It was the U.S. Army’s hope that forts and garrisons would be more self-sufficient and not depend on supplies from the Army. On September 11, 1818, a general departmental order stated, “the commanding officer of every permanent garrison…will annually cultivate a garden, by the troops under his command…” It is unknown whether Fort King had a garrison run garden during its operation. What we do know is there were many agricultural and food traditions in Florida during the 1800’s.
The Seminole have an extensive and rich agricultural history, with large gardens hidden in the hammocks and amongst their villages. The Spanish brought cattle, sheep, and pigs to Florida along with their own food traditions. African agricultural practices and food culture entered Florida by way of escaped slaves and Black Seminole. The European soldiers and pioneers coming from the north brought with them seeds and recipes from their cultures that were introduced to the region.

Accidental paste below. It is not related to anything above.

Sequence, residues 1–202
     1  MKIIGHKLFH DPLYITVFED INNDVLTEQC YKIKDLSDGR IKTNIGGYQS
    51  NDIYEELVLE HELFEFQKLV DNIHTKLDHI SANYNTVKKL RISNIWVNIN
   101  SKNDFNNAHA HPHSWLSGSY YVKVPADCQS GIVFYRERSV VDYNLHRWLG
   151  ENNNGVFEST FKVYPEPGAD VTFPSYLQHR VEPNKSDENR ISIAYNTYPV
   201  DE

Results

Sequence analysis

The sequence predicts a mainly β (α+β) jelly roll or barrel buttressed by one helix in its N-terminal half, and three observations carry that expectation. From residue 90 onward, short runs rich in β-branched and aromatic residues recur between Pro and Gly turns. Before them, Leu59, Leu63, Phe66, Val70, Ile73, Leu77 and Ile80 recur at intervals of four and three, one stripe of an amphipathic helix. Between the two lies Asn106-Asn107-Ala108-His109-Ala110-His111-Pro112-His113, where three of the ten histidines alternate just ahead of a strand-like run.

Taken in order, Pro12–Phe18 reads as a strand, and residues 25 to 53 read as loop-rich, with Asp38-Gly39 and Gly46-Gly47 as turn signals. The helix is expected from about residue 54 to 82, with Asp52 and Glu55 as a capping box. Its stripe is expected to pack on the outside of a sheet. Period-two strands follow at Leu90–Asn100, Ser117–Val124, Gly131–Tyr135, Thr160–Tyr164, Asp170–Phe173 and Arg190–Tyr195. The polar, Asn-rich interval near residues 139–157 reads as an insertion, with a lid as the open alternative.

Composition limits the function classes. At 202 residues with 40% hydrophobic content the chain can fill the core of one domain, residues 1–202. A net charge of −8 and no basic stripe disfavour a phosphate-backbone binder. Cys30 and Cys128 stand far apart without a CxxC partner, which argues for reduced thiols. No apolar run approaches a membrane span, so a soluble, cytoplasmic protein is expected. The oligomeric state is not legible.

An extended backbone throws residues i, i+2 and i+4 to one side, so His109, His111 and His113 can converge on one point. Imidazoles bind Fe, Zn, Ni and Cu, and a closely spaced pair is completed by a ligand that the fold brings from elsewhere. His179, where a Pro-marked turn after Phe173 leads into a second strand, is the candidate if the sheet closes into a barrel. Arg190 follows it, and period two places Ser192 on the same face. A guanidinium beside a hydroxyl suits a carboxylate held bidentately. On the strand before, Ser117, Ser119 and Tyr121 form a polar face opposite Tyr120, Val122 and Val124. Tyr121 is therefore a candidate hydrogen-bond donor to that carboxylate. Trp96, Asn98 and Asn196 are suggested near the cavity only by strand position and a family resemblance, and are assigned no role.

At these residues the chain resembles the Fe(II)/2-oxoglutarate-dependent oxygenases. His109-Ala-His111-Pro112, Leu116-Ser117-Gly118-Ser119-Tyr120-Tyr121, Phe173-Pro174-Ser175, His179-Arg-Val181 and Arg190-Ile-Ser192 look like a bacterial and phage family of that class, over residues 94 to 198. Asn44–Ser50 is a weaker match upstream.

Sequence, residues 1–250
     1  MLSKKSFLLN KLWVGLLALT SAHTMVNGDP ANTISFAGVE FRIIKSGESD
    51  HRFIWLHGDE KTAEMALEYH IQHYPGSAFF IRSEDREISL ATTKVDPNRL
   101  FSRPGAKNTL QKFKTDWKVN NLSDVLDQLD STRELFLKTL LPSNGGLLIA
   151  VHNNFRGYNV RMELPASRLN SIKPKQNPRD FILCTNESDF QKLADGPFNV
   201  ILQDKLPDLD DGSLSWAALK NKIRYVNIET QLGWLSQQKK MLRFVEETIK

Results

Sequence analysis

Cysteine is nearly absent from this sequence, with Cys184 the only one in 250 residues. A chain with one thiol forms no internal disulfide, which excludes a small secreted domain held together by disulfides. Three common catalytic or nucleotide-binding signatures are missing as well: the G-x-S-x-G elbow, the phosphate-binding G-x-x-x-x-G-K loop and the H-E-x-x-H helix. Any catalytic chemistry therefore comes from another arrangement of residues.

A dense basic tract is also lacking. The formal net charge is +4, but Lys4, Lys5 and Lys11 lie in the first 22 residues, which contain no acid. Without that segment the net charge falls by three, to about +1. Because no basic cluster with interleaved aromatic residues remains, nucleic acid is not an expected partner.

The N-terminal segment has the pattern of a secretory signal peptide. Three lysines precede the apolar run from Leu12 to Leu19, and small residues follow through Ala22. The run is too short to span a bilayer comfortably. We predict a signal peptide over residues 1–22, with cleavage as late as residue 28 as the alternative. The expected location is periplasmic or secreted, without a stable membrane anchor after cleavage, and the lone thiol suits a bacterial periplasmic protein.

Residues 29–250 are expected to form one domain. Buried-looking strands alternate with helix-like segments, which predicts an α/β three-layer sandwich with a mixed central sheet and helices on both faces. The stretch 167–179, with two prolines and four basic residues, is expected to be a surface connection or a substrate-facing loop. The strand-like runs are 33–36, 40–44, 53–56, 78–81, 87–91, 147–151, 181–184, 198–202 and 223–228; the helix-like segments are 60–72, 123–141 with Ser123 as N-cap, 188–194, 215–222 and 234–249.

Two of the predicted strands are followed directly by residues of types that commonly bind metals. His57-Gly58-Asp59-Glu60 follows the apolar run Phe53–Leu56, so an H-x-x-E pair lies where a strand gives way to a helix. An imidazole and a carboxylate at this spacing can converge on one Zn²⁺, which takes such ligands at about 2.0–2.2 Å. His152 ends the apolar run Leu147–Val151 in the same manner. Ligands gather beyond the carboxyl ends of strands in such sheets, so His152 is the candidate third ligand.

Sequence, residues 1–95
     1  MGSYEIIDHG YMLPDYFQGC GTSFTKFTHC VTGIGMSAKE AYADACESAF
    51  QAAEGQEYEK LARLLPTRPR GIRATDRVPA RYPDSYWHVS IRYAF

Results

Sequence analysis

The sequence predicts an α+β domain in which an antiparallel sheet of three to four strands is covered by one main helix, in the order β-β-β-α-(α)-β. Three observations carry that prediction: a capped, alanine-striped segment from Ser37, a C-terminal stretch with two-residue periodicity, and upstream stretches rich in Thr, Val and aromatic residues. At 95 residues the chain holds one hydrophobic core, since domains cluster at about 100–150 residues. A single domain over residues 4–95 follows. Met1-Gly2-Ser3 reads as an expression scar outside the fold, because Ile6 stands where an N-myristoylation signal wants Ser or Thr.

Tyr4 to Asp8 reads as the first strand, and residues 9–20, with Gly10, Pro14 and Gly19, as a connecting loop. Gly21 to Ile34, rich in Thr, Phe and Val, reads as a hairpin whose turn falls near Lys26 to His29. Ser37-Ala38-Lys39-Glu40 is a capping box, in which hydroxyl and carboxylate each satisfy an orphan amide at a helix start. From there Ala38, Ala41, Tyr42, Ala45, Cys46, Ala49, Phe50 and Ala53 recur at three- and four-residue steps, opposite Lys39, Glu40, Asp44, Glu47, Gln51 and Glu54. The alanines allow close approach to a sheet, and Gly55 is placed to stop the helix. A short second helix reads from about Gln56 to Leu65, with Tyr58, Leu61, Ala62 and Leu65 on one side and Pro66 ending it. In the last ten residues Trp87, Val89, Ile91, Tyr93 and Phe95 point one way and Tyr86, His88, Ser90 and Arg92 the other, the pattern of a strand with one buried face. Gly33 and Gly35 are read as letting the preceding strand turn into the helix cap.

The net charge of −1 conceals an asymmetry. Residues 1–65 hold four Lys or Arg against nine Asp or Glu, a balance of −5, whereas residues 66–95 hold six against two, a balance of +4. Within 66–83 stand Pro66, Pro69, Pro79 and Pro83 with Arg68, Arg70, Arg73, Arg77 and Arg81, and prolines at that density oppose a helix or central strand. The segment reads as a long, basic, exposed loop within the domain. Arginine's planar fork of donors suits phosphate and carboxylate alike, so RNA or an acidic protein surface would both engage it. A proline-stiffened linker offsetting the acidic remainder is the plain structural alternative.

All of these practices influenced the agriculture and food that was produced in Florida. Different cultures adapted their traditional gardening and food cultures to the untamed land to ensure survival. Fifteen years would pass before the Army would finally abandon its attempts at farming, concluding that is was not a reliable way of obtaining supplies.
The crops you see here today are representative of what would have been grown in Florida during the Fort King time period.
TO ALL WHO READ THIS – know that David Laffey was dedicated to telling the true story of Fort King, the soldiers’ and the Seminole’s story as it happened. David Laffey was a native of Ocala. He served 5 years on the Fort King Heritage Association board, of which three were as its president (2015-2018). For his leadership and vision, he will always be remembered as an integral part of the Fort King National Historic Landmark.
David Laffey – January 30, 1948-January 1, 2019